Game Type Thing

An archive of enjoyable flash, indie, and abandonware games.

Archive for the ‘Adventure’ Category

Being One Series

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So you played Fail-Safe and now you’re in the mood for more creepy sci-fi games, eh? Well I can certainly oblige. Being One is a series of four short games that combine to make one dark and spooky sci-fi story. Perhaps not the most original story, but an entertaining one none the less.

You’re in the dank and filthy subterranean laboratory of Dr. Rycroft, a futuristic mad scientist type whose specialty is experimenting on supernatural beings. You’re not sure who or what you are, but you know something’s been done to you. To escape, you’ll have to make your way up the various floors of the lab, each one housing a different species of creature. You’re not alone though, you have an ally in the form of text messages sent to a cell phone placed right outside your vat. Your mysterious text buddy seems to know a lot about the lab, but is much more concerned with helping you escape than filling you in on what’s going on.

Most of the gameplay concentrates on the usual escape elements of opening doors and getting offline systems to work, but it also has occasional action sequences where you will have to take down an enemy. Sometimes you’ll have a weapon available to you, if not you’ll have to search the environment for ways to defeat your foe. There’s also something to collect in most episodes; blood samples, messages, etc. It can be tricky to find them all, some are very well hidden.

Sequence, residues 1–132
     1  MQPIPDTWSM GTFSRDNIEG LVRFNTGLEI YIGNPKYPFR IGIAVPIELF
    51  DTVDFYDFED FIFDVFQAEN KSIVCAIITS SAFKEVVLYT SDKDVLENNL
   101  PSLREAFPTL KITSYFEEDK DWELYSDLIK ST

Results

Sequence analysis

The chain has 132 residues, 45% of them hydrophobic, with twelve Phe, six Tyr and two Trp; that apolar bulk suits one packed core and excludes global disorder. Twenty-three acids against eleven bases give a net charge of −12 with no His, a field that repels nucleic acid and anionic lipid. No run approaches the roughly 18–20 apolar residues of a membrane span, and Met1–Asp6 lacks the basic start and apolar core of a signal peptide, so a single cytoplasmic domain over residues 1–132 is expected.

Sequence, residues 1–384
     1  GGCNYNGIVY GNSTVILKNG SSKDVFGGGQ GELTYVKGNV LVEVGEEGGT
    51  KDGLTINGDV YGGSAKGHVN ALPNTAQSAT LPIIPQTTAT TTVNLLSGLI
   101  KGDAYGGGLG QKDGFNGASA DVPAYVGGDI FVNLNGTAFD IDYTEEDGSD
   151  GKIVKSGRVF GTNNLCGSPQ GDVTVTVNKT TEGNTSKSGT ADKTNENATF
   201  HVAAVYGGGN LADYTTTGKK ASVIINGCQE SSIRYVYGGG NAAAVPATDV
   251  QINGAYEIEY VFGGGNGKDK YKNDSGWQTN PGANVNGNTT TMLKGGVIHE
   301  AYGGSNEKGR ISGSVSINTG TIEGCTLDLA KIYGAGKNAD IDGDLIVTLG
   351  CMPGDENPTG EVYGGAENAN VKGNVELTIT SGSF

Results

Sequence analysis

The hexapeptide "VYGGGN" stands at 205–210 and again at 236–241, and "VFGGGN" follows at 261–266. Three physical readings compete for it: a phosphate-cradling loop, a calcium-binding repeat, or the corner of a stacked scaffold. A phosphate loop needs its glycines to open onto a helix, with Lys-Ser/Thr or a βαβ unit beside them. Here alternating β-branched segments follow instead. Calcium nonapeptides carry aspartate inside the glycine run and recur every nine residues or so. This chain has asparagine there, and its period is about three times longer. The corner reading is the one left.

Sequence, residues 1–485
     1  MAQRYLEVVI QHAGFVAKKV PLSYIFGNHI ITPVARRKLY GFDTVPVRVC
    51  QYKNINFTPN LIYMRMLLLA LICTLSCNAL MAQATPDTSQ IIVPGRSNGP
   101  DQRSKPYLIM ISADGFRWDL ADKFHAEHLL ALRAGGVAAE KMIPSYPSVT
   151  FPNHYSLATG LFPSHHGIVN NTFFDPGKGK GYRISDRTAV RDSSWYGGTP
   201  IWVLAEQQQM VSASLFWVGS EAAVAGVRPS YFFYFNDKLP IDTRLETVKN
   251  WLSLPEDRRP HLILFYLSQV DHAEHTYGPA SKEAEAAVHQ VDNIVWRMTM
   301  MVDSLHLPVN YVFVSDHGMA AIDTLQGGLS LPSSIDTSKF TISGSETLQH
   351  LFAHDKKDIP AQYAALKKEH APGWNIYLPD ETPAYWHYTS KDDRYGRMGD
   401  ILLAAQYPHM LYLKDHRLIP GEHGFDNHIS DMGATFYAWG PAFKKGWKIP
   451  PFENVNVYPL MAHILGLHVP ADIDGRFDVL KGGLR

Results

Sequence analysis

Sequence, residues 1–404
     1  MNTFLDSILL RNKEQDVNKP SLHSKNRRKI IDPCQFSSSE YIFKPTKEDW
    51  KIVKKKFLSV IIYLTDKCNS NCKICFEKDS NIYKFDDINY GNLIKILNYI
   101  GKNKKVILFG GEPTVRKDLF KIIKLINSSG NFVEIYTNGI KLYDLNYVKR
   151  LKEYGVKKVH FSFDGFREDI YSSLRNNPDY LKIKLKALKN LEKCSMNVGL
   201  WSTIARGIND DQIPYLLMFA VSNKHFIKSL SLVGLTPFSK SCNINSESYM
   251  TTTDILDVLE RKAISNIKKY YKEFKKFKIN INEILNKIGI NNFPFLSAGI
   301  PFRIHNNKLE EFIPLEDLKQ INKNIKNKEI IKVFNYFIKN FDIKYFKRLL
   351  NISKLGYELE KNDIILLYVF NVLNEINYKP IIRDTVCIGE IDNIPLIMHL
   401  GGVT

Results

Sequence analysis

The puzzles are not difficult at all, but if wandering through rooms of weird lab experiments is your kind of thing you’ll have fun with this one. It has a lot of little touches that add to the whole experience. Notes and messages you find throughout the building make both the scientists and the creatures feel real. I really dug the creature specific floors idea, and I admit after finishing the game I immediately set about trying to recreate something similar for my unfortunate supernaturals in The Sims.

So basically, a neat idea, plus simple gameplay, plus a creepy-cool atmosphere make for a game series that is definitely worth your time if you’re a horror or sci-fi lover.

 

You begin in by awaking in a vat of green goo, on the alien floor. It’s obvious that this is no kind of place you want to be,  so you better start looking for a way out.

Play Episode One: Escape the Lab

 

The vampire floor! They can sense you, and are not happy with your presence. This is a fun one if you like horror, but if you’re jumpy or the easily spooked type, you might want to skip this one.

Play Episode Two: Bloodbath

 

As the title implies, this is the dark matter floor. Mysterious even to Dr Rycroft. What’s lurking beyond the dark matter containment field?

Play Episode Three: Dark Matter

 

You’re finally near the surface and almost free! You’ll just have to get past the arachnids and the lycans first.

Play Episode Four: Moonrise

 

Written by Nurse Edna

December 18, 2010 at 6:13 pm

A Small Favor

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A Small Favor takes place in a dystopian world where currency has been replaced by a government-run barter system and the black market favor-trade.  You play a mysterious green fellow who’s racked up quite a debt in favors and is under the thumb of underworld forces until you can repay them. So when you receive instructions to take out Sen. RR Lobe to lessen some of your debt, you have no choice but to obey.